I asked my sister, a psychology graduate, about the reason for the prohibition, she replied that there were orders in the department that prohibit teaching any theory that explains the intolerance of human groups, even if these theories do not target religious groups directly.

After the massacres of the Suwaid and Karshini families, families opposed to the warlord began to leave the city, successively. After leaving the city in 2015, I did not appreciate the number of displaced families until months after my arrival in the Libyan West.

One day I meet my high school friend, another day I meet my professor at the university, and another day with the shaikh (Imam) of our old mosque.

In February 2018, Human Rights Watch published a report it conducted with 27 displaced persons from the city of Benghazi, in which it spoke of torture, enforced disappearance, and the seizure of property inside the city.

With the intensification of the systematic campaigns by the war media against the displaced, many of them tried to escape stigmatization and demonization, some of them were able to change their mother tongue to a new one, and others used a different date for the time of their arrival.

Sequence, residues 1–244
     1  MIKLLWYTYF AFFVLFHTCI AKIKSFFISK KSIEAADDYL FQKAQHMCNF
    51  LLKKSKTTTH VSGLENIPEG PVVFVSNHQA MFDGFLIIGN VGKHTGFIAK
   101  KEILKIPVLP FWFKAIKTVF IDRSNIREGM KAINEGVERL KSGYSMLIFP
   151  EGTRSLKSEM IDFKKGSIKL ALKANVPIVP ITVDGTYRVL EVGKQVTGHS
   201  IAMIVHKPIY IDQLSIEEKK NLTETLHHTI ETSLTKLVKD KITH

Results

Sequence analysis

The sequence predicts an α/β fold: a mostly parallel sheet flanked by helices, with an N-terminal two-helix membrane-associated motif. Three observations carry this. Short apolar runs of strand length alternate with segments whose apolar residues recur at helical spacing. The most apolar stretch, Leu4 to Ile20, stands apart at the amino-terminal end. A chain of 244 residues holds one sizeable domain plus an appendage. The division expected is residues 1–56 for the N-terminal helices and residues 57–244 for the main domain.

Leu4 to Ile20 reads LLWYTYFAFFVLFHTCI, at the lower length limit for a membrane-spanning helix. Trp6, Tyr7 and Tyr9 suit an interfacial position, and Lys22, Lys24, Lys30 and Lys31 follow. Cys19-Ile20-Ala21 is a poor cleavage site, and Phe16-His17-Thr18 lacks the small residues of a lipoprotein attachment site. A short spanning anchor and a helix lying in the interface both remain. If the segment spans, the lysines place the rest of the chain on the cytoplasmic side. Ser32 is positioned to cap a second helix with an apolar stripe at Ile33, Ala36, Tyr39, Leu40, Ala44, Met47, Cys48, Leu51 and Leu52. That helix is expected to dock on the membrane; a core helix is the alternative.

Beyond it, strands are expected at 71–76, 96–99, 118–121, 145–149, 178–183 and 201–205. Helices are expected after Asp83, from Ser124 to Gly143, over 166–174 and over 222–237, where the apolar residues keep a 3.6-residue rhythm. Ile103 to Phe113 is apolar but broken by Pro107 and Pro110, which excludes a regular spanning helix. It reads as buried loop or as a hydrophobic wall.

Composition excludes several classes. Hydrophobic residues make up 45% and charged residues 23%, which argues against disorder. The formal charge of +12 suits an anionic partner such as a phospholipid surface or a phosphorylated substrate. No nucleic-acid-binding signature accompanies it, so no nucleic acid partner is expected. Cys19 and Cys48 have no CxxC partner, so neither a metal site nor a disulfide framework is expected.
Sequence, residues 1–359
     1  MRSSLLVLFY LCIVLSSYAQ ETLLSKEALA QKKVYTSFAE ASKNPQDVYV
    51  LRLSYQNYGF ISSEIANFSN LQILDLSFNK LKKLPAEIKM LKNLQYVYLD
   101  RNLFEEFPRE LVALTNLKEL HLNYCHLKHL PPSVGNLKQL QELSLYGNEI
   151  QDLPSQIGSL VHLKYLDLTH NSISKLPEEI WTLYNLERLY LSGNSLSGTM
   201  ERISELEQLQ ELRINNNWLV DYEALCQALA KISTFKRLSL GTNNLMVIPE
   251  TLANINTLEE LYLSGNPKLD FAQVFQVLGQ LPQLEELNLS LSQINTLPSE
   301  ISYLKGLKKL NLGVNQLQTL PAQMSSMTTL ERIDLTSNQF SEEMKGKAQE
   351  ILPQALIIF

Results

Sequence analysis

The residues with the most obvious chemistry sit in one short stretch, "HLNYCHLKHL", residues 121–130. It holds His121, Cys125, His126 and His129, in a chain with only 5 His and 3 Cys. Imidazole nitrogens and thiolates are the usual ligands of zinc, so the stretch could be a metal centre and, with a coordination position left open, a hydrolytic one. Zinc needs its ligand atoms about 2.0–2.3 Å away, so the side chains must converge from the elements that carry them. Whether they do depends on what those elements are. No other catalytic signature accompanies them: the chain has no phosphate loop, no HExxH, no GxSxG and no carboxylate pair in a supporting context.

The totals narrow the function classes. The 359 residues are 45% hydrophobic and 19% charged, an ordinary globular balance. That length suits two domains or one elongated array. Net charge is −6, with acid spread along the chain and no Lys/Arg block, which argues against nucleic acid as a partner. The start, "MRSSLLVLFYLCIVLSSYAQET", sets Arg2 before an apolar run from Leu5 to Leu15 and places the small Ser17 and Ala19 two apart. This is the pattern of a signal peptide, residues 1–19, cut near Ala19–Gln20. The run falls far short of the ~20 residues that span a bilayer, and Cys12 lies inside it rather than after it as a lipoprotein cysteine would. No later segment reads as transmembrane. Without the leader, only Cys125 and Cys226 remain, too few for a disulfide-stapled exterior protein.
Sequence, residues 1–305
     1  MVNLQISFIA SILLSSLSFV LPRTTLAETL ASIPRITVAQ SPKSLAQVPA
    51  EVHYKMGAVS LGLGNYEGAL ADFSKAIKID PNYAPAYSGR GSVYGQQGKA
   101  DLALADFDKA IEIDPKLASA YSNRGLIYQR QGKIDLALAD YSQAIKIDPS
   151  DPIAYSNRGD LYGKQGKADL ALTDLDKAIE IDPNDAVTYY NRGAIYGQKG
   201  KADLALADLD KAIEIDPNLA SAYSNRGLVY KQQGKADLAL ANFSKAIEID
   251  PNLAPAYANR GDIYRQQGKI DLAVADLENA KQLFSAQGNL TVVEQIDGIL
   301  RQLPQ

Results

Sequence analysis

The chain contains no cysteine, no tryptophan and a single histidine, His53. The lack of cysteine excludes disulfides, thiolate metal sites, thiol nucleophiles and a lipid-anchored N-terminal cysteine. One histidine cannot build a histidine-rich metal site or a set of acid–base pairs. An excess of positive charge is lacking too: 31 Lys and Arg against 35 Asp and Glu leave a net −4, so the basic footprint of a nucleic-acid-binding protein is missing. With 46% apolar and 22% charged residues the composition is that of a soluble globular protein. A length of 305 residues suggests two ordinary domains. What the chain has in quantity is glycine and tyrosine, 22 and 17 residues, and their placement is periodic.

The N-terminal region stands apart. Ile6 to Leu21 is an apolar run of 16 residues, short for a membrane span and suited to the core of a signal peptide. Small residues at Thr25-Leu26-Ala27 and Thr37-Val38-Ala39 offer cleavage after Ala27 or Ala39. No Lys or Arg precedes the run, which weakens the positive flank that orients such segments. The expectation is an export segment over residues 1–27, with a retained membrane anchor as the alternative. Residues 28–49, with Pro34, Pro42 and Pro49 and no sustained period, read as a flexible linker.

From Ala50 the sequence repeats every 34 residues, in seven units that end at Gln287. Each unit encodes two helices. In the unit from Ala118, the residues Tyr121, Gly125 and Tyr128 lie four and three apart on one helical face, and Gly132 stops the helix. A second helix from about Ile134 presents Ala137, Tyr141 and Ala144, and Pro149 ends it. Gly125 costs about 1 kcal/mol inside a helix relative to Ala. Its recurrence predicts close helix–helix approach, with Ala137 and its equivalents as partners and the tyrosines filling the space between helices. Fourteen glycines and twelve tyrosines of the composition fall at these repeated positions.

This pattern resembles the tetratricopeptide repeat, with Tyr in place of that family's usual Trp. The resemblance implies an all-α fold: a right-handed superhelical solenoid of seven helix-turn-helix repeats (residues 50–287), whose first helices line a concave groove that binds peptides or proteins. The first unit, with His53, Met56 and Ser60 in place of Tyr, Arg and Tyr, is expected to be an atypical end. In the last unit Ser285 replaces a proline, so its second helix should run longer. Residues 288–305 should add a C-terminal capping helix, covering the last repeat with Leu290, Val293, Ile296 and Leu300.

My sister and I were surprised when her dentist told us that she was also an immigrant from Benghazi, as it was difficult for us to distinguish between her dialect and that of the people of Tripoli.

After a while, I realized that the displaced has a fair share of social stigma, as most families refuse to intermarry with a displaced family because of their political opposition, and of course, my family had experience with this kind of discrimination.

The discrimination of the displaced does not stop here, but goes beyond it to the systematic discrimination in the education sector. After the internal security took control of the University of Benghazi, the “hospitality dormatory” was closed, which was a feature of the educational continuity of the student who moved from one city to another due to different circumstances.